Just as your first infection with the COVID-19 virus can go unnoticed, so can a reinfection, according to a case study of hospital workers in north India.
In a letter to the journal Clinical Infectious Diseases, published by Oxford University Press, the case study reports on two young staff members at a tertiary hospital who tested positive and became reinfected several months later.
While other cases of reinfection have been reported, all had symptoms in one or both of the episodes.
But these two health workers were unusual because they had no symptoms either time and both were infected with a genetically different virus the second time.
Reinfection raises serious questions about how long an immune response to an infection lasts and whether the world can rely on the immune system to end the pandemic.
The infections in the two asymptomatic health workers were detected, on both occasions, through routine surveillance.
The workers, a 25-year-old-man and a 28-year-old woman, worked in a COVID-19 ward and tested positive for SARS-CoV-2 in May.
Both were admitted to hospital as per institutional policy. They subsequently tested negative and resumed duties in the hospital.
About 3½ months later, routine swab testing found they were positive again.
Infected by new strain
While both had no symptoms, this time they both had higher levels of virus than the first time.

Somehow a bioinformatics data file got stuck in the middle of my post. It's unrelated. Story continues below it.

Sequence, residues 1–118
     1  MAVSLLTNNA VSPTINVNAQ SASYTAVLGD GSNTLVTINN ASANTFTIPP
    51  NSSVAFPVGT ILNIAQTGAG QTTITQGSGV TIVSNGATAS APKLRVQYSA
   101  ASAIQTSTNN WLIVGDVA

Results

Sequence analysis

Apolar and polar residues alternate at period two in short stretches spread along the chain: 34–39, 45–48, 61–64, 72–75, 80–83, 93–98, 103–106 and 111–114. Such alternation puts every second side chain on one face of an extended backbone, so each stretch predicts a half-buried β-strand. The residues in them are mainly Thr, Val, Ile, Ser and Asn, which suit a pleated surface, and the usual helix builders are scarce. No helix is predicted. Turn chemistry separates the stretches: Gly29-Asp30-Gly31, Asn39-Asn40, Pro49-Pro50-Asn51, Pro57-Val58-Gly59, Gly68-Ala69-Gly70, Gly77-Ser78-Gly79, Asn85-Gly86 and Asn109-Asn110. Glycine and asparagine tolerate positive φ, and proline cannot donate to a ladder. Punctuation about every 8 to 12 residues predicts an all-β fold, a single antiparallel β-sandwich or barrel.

Their initial swabs had been archived and they agreed for them to be analysed for a comparison with their new infections.
A genomic analysis at the Institute of Genomics and Integrative Biology in New Delhi showed the virus that infected them the second time was genetically different from the first.
This means they were infected anew rather than harbouring leftover virus.
The authors say their cases suggest asymptomatic reinfection may be potentially under-reported and underlines the need for continuous surveillance of reinfections in healthcare systems.
New focus of attention
They also say the genetic difference in the virus the second time rules out persistent viral shedding or reactivation in these two cases.
Reinfection has become a focus of attention. In late August, when news broke about a man from Hong Kong being reinfected months after recovering from COVID-19, some experts were encouraged.
His second infection, detected at an airport, caused no symptoms. This suggested his immune system might have remembered the previous attack and fended off the second one before it could do harm.
Cases of reinfection in other countries quickly came forward, including one from Nevada, the first case of reinfection in the US.
The symptoms were more severe than the first time and had experts worried. Had the immune system malfunctioned and allowed things to get worse?
There are many unknowns about reinfection. Does the severity vary within the same person because of the size of the virus dose, the virus variant or because the individual’s health is different?
While the Hong Kong case may demonstrate immune memory, the Nevada case did not, raising the possibility the immune system can potentially cause damage.
Experts say reinfection does not mean a vaccine can’t be effective, but that boosters may be needed to maintain protection. Although inconvenient and costly, these would place long-term immunity against the virus within reach.
One worry, however, is that vaccinated people could be turned into asymptomatic carriers, putting others at risk.
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